Dean Wilson was among those given a special exemption to the PGA Championship, and he doesn't take those lightly. It was only his second exemption into any tournament, amazing considering he is ranked 60th in the world.
Then again, Wilson is an American who plays exclusively on the Japan Golf Tour.
"You would think my world ranking is high enough to get some starts, but it doesn't evolve around that," said Wilson, a Hawaiian who recently moved to Las Vegas. "Being an American, the world ranking doesn't mean anything."
The ranking didn't come by accident.
The 31-year-old Wilson won three times on the Japan Golf Tour last year and finished third on the money list, and he already has won twice this year.
Still, he didn't play in a PGA Tour event until qualifying for the U.S. Open last year at Southern Hills (he tied for 30th). Wilson couldn't even get an exemption into the Sony Open in Honolulu, making the field only through Monday qualifying.
His only other exemption? The Scottish Open at Loch Lomond.
Wilson will try to make the most out of playing in the PGA Championship. Along with a big purse (at least $5.2 million), a strong showing could move him into the top 50 in the world and get him into the World Golf Championship at Sahalee ($5 million purse).
The money could go a long way toward helping him follow in the steps of fellow American Brian Watts, who also played in Japan until he earned a ticket to the PGA Tour through his runner-up finish in the 1998 British Open.
"I took careful note of that," Wilson said.
SURVEY SAYS: Golf Magazine has conducted a survey of more than 2,000 avid golfers, asking them 135 questions about golfing habits and desires.
It's all part of "The Report on the American Golfer," a comprehensive study. The first snapshot is published in its September issue, and offers some interesting views:
- David Duval received the most votes (42 percent) when asked whom they would prefer for a male playing partner. He was followed by President Bush (25 percent), comedian Billy Murray (23 percent) and Michael Jordan (10 percent).
- Those surveyed said it would take temperatures over 107 degrees and under 41 degrees to keep them from playing.
- For female playing partners, the first choice was Nancy Lopez (52 percent), followed by Karrie Webb (25 percent), Cindy Crawford (18 percent) and Supreme Court Justice Sandra Day O'Connor (5 percent).
- If they had only one round left to play, 70 percent said it would be at Augusta National or Pebble Beach (35 percent each), with 15 percent going to St. Andrews, and 2 percent playing Pine Valley. The other 1 percent would play their home course.
- Only 37 percent said they would trade places with Tiger Woods, while 45 percent said they would trade places with the player ranked 200th on the PGA Tour money list.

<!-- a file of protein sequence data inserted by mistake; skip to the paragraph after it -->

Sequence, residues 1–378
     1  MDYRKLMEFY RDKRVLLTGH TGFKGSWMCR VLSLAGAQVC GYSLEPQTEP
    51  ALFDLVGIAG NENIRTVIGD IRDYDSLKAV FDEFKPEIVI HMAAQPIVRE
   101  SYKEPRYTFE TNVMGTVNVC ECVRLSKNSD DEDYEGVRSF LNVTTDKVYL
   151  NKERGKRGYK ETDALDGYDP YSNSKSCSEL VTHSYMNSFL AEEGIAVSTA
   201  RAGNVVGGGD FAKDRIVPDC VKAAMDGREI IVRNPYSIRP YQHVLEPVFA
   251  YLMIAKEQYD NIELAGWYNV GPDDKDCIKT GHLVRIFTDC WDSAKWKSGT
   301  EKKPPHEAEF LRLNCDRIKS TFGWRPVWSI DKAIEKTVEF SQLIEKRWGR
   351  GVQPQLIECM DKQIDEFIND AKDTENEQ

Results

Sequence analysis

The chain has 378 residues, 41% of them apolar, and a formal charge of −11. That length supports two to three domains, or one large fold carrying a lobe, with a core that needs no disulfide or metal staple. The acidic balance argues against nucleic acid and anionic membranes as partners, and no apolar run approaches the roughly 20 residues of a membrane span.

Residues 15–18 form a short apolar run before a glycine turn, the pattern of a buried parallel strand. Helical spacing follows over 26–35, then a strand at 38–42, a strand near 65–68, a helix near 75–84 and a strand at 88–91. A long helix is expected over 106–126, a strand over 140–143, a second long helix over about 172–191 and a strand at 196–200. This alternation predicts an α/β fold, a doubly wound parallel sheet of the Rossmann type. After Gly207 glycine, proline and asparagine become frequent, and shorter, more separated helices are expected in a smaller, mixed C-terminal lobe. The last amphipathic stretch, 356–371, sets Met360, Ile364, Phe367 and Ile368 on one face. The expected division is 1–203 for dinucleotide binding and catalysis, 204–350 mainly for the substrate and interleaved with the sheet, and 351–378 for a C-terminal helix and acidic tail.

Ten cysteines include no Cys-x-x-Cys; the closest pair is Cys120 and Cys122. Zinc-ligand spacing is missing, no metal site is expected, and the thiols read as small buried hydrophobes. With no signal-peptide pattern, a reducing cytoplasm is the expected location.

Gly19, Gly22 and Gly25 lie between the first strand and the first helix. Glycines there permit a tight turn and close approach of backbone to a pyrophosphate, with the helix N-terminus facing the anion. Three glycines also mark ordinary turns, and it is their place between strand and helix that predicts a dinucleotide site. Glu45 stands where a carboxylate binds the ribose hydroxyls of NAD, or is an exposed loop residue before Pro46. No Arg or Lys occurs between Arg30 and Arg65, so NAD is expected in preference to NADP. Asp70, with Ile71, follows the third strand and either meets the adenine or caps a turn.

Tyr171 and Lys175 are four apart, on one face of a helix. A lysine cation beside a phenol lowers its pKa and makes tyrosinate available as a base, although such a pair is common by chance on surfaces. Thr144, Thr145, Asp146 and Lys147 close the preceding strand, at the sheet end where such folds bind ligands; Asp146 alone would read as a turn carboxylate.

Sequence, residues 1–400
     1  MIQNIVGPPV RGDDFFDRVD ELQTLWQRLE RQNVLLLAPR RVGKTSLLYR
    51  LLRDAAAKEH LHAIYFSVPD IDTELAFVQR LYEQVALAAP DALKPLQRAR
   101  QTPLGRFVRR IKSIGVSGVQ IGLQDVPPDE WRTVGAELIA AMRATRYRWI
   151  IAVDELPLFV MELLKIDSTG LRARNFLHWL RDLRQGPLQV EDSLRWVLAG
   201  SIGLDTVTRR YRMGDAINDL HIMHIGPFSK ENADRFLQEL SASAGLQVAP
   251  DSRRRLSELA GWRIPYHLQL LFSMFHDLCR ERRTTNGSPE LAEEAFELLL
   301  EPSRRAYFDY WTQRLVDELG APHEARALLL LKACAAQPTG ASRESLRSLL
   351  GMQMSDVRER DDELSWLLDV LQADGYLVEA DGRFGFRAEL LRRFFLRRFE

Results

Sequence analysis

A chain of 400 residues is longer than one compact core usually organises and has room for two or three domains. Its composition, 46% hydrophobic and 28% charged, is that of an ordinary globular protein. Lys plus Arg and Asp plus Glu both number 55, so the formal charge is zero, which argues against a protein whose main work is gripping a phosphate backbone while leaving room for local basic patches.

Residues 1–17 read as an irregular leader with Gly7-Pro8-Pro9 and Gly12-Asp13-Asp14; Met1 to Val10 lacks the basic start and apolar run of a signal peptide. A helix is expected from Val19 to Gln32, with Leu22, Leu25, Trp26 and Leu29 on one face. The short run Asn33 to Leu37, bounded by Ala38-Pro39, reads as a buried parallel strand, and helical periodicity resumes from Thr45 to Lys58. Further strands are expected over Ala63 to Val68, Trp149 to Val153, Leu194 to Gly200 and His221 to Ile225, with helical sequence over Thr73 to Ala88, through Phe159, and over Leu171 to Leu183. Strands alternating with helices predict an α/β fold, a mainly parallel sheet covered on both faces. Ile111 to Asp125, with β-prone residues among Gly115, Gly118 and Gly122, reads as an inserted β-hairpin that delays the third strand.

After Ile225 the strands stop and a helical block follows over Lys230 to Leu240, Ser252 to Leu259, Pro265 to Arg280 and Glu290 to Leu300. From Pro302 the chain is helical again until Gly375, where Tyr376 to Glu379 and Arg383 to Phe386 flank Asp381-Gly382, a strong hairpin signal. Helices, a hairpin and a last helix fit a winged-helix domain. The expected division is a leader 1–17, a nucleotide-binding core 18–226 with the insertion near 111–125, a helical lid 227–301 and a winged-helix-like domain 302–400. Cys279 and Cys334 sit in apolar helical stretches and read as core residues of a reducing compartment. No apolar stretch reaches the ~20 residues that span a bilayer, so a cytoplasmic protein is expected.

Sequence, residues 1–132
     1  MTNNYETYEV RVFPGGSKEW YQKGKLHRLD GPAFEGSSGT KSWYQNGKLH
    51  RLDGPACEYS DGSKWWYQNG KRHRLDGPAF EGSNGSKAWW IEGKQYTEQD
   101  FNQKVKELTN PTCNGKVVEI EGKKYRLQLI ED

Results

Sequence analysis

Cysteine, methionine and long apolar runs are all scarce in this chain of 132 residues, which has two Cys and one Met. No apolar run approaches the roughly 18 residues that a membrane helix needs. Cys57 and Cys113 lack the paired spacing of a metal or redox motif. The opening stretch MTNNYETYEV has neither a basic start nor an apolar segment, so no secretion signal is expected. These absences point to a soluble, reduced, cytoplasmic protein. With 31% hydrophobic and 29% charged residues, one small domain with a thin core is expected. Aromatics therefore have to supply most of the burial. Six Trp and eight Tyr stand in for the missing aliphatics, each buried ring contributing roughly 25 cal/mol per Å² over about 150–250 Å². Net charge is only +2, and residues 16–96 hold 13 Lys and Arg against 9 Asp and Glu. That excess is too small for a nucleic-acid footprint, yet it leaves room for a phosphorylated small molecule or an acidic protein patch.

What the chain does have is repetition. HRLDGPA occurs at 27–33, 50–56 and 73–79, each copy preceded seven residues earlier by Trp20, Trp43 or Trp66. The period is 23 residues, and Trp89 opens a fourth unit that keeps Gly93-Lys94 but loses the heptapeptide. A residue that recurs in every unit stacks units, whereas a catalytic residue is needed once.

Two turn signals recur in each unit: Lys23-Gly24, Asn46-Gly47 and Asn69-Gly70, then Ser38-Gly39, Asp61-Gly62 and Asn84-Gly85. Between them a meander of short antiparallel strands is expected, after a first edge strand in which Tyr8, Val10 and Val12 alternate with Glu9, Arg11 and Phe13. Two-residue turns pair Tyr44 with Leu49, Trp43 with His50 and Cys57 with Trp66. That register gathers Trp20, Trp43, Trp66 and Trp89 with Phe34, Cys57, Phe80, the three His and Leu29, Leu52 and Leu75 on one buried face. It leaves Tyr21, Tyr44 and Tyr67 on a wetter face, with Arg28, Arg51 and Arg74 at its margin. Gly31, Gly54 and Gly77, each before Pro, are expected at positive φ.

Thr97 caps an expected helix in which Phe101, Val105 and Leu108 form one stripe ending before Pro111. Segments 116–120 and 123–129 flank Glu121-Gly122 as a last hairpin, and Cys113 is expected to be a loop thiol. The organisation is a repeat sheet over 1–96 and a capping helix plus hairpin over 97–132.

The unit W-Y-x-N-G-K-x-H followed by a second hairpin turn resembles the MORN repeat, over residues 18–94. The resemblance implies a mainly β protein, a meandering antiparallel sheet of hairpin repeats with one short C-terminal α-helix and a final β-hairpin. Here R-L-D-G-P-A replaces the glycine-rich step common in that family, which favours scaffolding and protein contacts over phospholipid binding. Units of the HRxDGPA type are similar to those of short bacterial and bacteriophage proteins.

- If they could ban one thing from the golf course, 37 percent said it would be slow players. Cell phones came in at 34 percent, followed by foul language (13 percent).
- Arnold Palmer showed why he's the King. Out of 12 choices, 29 percent picked him as their primary golf idol. Jack Nicklaus received 18 percent of the vote, while Woods was tied with "None of the above" at 13 percent.
TIGER FOR SALE: Bob Ritonya, a postal clerk in Omaha, Neb., thought he hit paydirt when a pack of Upper Deck trading cards he recently bought included a ticket to play golf with Tiger Woods.
Ritonya figured he could sell the round on eBay and get anywhere from $100,000 to $150,000 to pay for his children's college education.
There were no takers.
He told the Omaha World-Herald that a Las Vegas man bid $100,100. When Ritonya contacted him, the winning bidder said he was just joking.
Ritonya said he is deciding whether to put the card up for bid at a number of auction houses. He might try eBay again. And if all else fails, Ritonya and his 13-year-old son can always play a round of golf with Woods this fall.
"I don't think the problem is going to be selling it," Ritonya said. "The problem is: How do you get the word out to the people who can afford it?"
In April, an unidentified person bid $450,000 on eBay to play golf with Woods at Isleworth Country Club. A year ago, a financier paid $2.1 million at an Irish auction for the same privilege.
AUGUSTA ON HIS MIND: Jack Nicklaus was asked before the made-for-TV "Battle at Bighorn" what he thought about non-conforming clubs.
"I think each club has a right to make its own rules," he said. "One of the first things I did at Muirfield Village, which was my own club, was to have every nationality, every religion, men and woman, and that was in the early '70s. That was what I believe in. What somebody else does and how they make their rules, it's not my position to criticize."
When Nicklaus finally stopped talking, the reporter clarified his question. He wanted to know about golf clubs, as in thin-faced drivers; not private clubs, as in Augusta National.
DIVOTS: The Salesmanship Club of Dallas raised $5.77 million for charity through the Byron Nelson Classic, ending two consecutive years of going over the $6 million mark. Still, its net proceeds for charity top $69 million since 1973, the most of all PGA Tour events. ... The official Web site of the 2002 British Open attracted 1.8 million visitors, a 200 percent increase from last year, and generated more than 229 million page views, twice as many as the previous year. ... Joanne Carner has been named Ambassador of Golf by the International Federation of PGA Tours, an award given annually to a person who has enriched golf around the world.
STAT OF THE WEEK: Chip Beck earned $34,000 for his third-place finish in the Buy.com Omaha Classic last week. It was his largest paycheck from a tournament since he won $40,000 after tying for 15th in the 1999 Canadian Open.
FINAL WORD: "When they can play three holes without chasing a frog." - Jack Nicklaus on when kids are ready to play golf on a regulation course.
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